CEO 77-57 -- April 21, 1977
CONFLICT OF INTEREST
WIFE OF SCHOOL BOARD MEMBER TEACHER IN SCHOOL SYSTEM
To: John W. Gracy, Member, Hernando County School Board, Brooksville
Prepared by: Bonnie Johnson
No provision of the Code of Ethics prohibits one from serving on a school board while his or her spouse is employed as a teacher within the school district. Nor would a voting conflict of interest under s. 112.3143, F. S. 1975, be constituted were the school board member to vote on matters affecting school teachers at large, inasmuch as any gain to his or her spouse would not be of a special nature as required by law. However, a vote affecting the spouse in particular, or a select group of which the spouse is a member, would constitute a conflict requiring disclosure under provisions of s. 112.3143.
1. Would a prohibited conflict of interest be created were I, a school board member whose spouse is employed as a teacher within the school district, to participate in contract negotiations with the teachers' association of which my spouse is a member?
2. Would a voting conflict of interest requiring disclosure be created were I to vote on ratification of the contract between the teachers and the Hernando County School Board?
3. Would a voting conflict of interest requiring disclosure be created were I to vote on matters affecting my wife in her role as a teacher but not involving material benefit to her?
As to question 1, you advise in your letter of inquiry that prior to your election to the Hernando County School Board in the fall of 1976 you were employed as a teacher with Hernando High School. You resigned your teaching job on November 15, 1976, in order to assume your duties with the school board on the following day. Your wife currently teaches at Hernando High School, having first begun teaching there in August of 1973.
Only two subsections of the Code of Ethics for Public Officers and Employees specifically deal with a public officer or employee and his or her spouse. Section 112.313(3), F. S. 1975, prohibits a public officer from acting in his official capacity to do business with a business entity in which he or his spouse is an officer or director or in which they, jointly or severally, hold a material interest. Section 112.313(4) prohibits a public officer or his spouse from accepting any form of compensation designed to influence the officer in the discharge of his public duty. Neither of these subsections addresses the situation you have presented, however. We would point out that s. 112.313(6) would be violated were you ever to corruptly use your position as a school board member "to secure a special privilege, benefit, or exemption" for your wife; but nothing before us indicates anything of this nature.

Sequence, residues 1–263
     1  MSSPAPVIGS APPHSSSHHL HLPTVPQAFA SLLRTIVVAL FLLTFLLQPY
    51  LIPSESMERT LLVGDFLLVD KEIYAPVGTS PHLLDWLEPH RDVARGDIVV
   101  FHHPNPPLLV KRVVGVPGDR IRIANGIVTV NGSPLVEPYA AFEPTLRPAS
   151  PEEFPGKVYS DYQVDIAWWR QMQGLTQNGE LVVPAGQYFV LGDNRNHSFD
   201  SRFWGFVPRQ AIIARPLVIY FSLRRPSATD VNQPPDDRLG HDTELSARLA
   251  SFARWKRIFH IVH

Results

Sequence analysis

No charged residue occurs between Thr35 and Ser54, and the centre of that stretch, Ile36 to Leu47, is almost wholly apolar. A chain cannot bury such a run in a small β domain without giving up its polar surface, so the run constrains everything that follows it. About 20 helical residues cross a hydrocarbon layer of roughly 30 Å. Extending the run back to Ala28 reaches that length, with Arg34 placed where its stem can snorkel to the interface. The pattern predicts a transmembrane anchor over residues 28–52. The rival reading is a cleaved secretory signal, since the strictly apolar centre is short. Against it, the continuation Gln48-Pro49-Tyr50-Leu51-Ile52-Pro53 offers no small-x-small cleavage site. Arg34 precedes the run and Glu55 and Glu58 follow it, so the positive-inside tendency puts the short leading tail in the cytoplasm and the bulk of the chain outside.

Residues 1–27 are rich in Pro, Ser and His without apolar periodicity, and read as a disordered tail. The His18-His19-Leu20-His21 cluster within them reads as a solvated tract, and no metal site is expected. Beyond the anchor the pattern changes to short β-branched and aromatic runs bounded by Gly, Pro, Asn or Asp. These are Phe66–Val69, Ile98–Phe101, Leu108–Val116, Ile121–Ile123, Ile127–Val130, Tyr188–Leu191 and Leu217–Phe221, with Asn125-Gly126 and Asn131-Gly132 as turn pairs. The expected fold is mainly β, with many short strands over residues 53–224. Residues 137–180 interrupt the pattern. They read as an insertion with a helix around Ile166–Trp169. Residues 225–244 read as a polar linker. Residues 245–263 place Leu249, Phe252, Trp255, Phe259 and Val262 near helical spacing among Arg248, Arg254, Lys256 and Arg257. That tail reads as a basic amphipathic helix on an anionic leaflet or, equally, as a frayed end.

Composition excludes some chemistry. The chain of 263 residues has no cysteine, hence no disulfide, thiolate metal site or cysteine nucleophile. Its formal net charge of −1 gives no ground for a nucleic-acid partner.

We would call your attention, however, to s. 112.311(1) of the code, which provides in pertinent part as follows:
It is essential to the proper conduct and operation of government that public officials be independent and impartial and that public office not be used for private gain other than the remuneration provided by law . . . .
Accordingly, a public officer who feels that he cannot be independent and impartial in relation to any official matter should consider recusal. Should you determine that you would be able to act independently and impartially in the subject negotiations with the teachers' association of which your wife is a member, you are not prohibited by the Code of Ethics from participating in such negotiations for reasons explained in your second question.
Question 2 is answered in the negative.
Relative to voting conflicts of interest, the Code of Ethics provides as follows:
Voting conflicts. -- No public officer shall be prohibited from voting in his official capacity on any matter. However, any public officer voting in his official capacity upon any measure in which he has a personal, private, or professional interest and which inures to his special private gain or the special gain of any principal by whom he is retained shall, within 15 days after the vote occurs, disclose the nature of his interest as a public record in a memorandum filed with the person responsible for recording the minutes of the meeting, who shall incorporate the memorandum in the minutes. [Section 112.3143, F. S. 1975.]